TUCSON, AZ (Tucson News Now) - The coyote that was euthanized after it bit a woman on the west side of Tucson tested negative for rabies, the Arizona Game and Fish Department said.
The department's spokesman was able to take a deep breath, knowing that what resulted could have been much worse.
"It's a tremendous relief because what we're monitoring is an outbreak of rabies and common species that carry it. Specifically, foxes, skunks, and bats," said Mark Hart, the Public Information Officer for the Arizona Game and Fish Department. "If that crosses over into urban wildlife species like coyote, javelina, and bobcat, we're going to have a problem."
Tucson News Now spoke to Isabel Martinez, the woman bitten by a coyote on Jan. 15 near W. St. Mary's Road and Bonita Avenue. She said she was terrified, wondering if that bite could be deadly for her.
It's why Martinez underwent rabies preventative treatment right away, regardless of the pending test results at the time.
According to the Centers for Disease Control and Prevention, "a course of rabies immune globulin and four doses of vaccine given over a two-week period typically exceeds $3,000."
Attacks like these have become a big issue recently. Hart said the department is aware of seven wild animal attacks in southeastern Arizona since Jan. 1, 2018.
Wild animal sightings are becoming more common where Martinez was attacked, and Hart was laying blame on those offering handouts.
"We were finding dishes of food out. That tells us - in some way, shape or form - wildlife is being fed," he said. "It leads us to the strong suspicion that coyote was being fed. It was literally following people almost into the door of (the Pima Community College Community Campus) because it had begun to associate humans with food."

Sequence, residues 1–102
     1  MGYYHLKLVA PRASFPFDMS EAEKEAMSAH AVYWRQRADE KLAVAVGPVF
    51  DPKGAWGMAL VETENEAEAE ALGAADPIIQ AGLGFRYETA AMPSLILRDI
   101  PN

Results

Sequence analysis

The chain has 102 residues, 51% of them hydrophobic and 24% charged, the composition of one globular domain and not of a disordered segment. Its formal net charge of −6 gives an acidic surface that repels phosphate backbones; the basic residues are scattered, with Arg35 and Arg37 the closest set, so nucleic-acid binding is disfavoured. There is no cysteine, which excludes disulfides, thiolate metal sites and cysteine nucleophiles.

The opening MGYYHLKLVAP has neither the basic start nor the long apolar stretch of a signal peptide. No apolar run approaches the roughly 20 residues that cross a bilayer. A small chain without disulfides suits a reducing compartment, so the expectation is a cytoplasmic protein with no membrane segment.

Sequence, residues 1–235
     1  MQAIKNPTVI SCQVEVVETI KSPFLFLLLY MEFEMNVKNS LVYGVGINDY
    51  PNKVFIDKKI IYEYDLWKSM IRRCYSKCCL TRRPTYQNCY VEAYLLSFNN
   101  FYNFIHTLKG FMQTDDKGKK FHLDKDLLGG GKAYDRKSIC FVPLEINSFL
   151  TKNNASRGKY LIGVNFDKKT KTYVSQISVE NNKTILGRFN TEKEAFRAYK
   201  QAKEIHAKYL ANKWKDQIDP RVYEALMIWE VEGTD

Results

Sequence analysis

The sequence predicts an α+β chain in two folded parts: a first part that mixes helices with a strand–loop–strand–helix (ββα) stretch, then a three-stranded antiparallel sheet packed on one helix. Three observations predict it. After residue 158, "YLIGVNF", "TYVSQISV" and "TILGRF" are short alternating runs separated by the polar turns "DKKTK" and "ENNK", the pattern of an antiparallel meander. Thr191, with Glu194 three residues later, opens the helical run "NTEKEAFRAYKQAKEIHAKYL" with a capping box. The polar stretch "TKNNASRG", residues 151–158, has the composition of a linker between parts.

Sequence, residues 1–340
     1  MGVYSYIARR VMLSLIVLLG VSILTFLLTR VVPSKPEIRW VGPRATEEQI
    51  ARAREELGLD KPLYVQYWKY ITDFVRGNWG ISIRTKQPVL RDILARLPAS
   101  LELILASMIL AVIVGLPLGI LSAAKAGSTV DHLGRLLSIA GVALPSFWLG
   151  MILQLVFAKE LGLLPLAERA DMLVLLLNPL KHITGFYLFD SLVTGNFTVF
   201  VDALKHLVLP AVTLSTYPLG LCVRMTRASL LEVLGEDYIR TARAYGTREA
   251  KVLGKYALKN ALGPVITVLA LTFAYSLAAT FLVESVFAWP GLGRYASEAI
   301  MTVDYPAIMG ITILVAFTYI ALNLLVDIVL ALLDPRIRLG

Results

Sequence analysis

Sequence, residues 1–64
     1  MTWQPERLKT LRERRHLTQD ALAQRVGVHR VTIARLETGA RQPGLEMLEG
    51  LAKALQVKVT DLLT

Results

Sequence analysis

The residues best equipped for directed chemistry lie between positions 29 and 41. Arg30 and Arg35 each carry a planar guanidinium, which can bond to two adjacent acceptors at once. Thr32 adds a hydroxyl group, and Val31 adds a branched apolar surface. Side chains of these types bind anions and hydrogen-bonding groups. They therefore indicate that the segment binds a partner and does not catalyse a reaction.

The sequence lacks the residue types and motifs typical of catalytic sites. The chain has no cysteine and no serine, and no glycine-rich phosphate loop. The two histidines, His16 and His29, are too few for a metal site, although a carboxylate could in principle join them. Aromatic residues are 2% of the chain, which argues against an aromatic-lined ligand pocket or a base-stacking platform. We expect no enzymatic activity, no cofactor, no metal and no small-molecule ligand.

People who work nearby, like Yorgelys Trujillo, said they have had encounters of their own.
She said she was out by her car after the battery had died, getting assistance from a good Samaritan.
"And we didn't even notice it until one of the parents kind of pointed it out. We turned around. We were like, 'Oh there's a coyote right there.' It was right in back of us minding its own business," Trujillo said.
But the coyotes' business is finding food. Hart said it's illegal to feed wildlife in Pima, Pinal, and Maricopa Counties, and it comes with a hefty $300 fine.
You can report violators to the Arizona Game and Fish Department by calling (800) 352-0700.
"Typically it's a scofflaw. Meaning we've already told them it's a bad idea and they keep feeding it," Hart said with a shrug. "But every time something like this comes up we pull this law off the shelf and start talking about it again because people have to realize there can be serious consequences."
Consequences, like a painful attack. It can be a simple bite or something much worse, Hart said.
"If you don't get prompt treatment for rabies, in all probability, you will die."